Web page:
Hand feed all her food - use it for rewarding everything she does when you're home. This will probably be tedious but hopefully it will stop the "My food" resource bite problem.
    And back to basics with the toilet training - ie dog on lead in the house or in the crate and outside on lead until the toileting is done, use a command word. (yes crack the neighbours up "shitnapiss, shitnapiss...").

    Some crate training now would be really helpful. You might need to start with a metal mesh crate and when she's happy in that - you can graduate to a soft sided one. And next time you have to go away and leave the dog with your other half... the dog stays in the crate unless he can supervise or toilet training may well go to hell again.

    The crate should be a secure happy place for your dog where she feels safe. It's also a safe happy place where your house can feel safe too.

    Some resources
    - find an agility club near you - Kalacreek might be able to help.

    crate games dvd by Susan Garrett
    there's lots of foundation games and dvds - or any stuff about shaping and clicker training eg kikko pup on youtube
    you can google games on youtube like "its yer choice", "collar grab" etc and Susan Garrett's blog has hundreds of tricks to shape your dog to do. the more mental training your dog gets - the more tired it will be and (slightly) less demanding on you.

    Once you get the food thing under control - I feed some of my dog's food into something called a "bob a lot" and when I used bigger bits of kibble - I used to load it into a "squirrell dude" which is a bit like a big kong but has little bits that stop the kibble from all falling out. You can load a kong with kibble mixed with water or yogurt and freeze it to stop it falling out, so the dog has to work at getting the food.

    I make my dog do a bunch of fetches - she will now fetch my ugg boots without trying to kill them - before she gets to eat her dinner. Though we had a bit of a fail with a croc shoe trying to change the habitat from the kitchen where dinner is served to the back yard where crocks get shredded. Fortunately... I was able to persuade her to give the croc up undamaged.

    books - shaping success by susan garrett - lots of games for agility dogs. Also Ruff love - games and relationship building exercises for puppies and rescue dogs.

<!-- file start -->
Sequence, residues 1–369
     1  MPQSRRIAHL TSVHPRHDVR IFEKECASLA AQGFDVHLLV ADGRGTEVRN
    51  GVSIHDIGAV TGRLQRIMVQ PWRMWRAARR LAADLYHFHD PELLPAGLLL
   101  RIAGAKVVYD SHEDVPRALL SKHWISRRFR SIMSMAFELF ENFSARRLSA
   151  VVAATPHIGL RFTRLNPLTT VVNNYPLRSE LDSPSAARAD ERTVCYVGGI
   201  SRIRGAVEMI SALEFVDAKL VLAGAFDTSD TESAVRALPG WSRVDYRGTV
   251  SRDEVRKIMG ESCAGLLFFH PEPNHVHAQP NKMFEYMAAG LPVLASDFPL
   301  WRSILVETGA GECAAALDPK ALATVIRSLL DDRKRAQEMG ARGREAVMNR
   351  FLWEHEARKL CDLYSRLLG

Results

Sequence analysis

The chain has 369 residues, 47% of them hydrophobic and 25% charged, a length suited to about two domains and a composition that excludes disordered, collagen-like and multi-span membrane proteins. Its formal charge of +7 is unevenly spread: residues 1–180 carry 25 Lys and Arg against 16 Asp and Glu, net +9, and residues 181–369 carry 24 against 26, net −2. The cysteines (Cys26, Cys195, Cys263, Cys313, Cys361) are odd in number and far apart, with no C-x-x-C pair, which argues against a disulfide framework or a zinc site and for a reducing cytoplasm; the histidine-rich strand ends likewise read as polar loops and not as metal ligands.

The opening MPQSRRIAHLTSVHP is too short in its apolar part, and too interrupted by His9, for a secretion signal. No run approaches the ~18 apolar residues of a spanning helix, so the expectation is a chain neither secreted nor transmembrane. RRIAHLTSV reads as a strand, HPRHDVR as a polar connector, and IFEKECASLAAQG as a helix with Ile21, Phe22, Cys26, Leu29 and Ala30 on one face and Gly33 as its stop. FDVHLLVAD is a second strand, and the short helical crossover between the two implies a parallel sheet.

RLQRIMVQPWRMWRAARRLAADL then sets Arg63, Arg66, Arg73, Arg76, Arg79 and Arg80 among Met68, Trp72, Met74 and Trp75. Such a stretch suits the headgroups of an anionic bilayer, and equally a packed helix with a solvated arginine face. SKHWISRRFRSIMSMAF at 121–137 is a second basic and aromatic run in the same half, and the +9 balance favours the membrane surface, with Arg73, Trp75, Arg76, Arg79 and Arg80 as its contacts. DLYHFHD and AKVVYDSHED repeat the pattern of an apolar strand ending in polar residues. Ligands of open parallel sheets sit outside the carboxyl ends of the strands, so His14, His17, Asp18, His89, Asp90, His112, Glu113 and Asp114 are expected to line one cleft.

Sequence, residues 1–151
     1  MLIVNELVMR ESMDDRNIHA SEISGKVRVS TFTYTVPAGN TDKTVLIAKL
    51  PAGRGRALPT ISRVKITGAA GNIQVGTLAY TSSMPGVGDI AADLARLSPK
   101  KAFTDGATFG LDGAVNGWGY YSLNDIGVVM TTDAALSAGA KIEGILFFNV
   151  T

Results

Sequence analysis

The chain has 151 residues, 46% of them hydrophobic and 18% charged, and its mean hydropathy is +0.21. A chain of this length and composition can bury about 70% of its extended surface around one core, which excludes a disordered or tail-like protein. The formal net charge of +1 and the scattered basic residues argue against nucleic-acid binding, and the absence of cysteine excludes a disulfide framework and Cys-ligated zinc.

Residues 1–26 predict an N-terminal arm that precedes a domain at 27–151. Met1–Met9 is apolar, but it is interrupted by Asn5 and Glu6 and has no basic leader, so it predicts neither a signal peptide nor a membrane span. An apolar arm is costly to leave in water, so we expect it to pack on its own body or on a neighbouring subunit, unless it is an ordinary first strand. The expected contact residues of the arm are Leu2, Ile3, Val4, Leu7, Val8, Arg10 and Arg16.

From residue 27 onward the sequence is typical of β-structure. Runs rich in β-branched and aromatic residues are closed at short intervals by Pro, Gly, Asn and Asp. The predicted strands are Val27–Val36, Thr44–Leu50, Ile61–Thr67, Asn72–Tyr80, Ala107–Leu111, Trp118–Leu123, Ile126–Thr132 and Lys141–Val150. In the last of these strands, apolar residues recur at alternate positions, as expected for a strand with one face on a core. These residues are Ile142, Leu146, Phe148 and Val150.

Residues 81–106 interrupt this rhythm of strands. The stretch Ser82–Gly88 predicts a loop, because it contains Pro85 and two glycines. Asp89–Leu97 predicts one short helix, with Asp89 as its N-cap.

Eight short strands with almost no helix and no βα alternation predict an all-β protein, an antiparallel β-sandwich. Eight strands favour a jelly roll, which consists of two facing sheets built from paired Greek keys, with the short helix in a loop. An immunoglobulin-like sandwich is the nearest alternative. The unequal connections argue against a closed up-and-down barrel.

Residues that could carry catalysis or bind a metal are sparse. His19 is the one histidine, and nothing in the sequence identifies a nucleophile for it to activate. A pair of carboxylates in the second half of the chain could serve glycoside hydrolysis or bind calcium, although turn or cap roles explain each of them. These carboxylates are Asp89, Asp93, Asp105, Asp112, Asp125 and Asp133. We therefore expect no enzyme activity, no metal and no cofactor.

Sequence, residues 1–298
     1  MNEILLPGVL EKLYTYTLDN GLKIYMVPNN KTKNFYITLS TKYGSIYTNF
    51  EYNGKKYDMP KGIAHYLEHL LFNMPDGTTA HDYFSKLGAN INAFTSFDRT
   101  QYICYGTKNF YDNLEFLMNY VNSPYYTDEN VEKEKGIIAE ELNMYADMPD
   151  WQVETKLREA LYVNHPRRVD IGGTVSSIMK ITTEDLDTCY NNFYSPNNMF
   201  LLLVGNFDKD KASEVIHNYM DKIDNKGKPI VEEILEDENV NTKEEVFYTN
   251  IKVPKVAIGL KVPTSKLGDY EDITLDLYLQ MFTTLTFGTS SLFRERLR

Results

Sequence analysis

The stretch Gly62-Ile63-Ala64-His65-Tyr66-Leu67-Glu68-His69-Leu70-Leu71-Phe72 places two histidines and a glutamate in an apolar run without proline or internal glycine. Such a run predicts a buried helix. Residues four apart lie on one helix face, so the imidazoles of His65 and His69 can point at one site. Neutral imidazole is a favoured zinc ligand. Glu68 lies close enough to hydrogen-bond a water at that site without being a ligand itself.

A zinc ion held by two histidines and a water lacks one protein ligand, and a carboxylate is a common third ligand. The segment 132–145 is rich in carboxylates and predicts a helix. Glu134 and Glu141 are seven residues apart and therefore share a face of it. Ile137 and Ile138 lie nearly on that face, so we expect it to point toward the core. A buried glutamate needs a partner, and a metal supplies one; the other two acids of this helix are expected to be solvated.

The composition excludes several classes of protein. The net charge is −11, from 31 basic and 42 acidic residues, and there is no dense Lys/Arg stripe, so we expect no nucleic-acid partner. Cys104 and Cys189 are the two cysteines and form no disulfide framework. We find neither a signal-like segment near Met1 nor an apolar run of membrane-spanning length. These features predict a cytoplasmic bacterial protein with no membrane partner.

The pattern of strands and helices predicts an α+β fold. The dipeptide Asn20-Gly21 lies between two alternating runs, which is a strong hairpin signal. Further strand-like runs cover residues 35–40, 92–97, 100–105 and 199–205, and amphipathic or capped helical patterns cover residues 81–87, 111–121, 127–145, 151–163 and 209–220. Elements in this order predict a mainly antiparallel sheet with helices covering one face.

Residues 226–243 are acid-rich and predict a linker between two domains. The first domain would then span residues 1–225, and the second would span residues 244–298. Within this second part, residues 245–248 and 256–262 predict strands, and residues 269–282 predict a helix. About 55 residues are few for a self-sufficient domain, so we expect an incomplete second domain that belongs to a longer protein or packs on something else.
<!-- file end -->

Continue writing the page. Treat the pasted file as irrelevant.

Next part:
Control Unleashed by Lesley McDevitt - with the Look at that game and a bunch of foundation exercises.

    bottom line - anything your dog does that you don't like - and it's getting worse - ask yourself - what could you be doing that the dog thinks means you want more of that behaviour? Like the scolding and attention? And a BCx is quite capable of stringing quite a few behaviours (called back chaining) to get what it wants.

    Eg if I bounce off the fence and scare the crap out of the neighbours - mum comes and gets me, takes me inside and gives me treats (oops mum).
    If I bark like a crazy thing at the lawnmower man and then pay attention to mum - she will give me chicken (double oops).
    If I play bow at other dogs at the park - mum will let me off lead so I can go sniff (what? why isn't sniffing for cooked chicken scraps ok?).

    The super smart dogs do that to you.

  5. #25

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    Many people will have different opinions on this; some will say dogs shouldn't be disturbed whilst eating and the like but I can't agree. I can accept that there are circumstances when my dog might bite a stranger. But I can not accept that he would ever, under any circumstances bite me. I agree with the suggestions to go onto a more strict NILIF program - your dog needs to know you own all the food and importantly, that using her teeth on you is not an acceptable nor effective method of communication / getting what she wants. I don't think your reaction was over the top, my dog would have lost his dinner if he'd done that to me. Hell you should see the retribution he cops for less serious breaches of the rules I set down (like peeing whilst on leash etc). But I do that so the boundaries are always very clear for him and there's no room for confusion. And no I never physically hurt him, I just make sure he knows I'm calling the shots and he knows that I will enforce what I say (ie there's consequences for being naughty).

    To be honest though, I don't really feel like I have to do much these days. He was a royal pain from about 7-9 months but I never gave in. Since about 3, I've noticed a real change. He listens less to strangers but is easier with me - it is a long time now since I can remember him disobeying a command. I feel like we have an understanding these days, I only need to use half the words I would have in the past and he knows what I mean. And he is a working breed too, very high drive.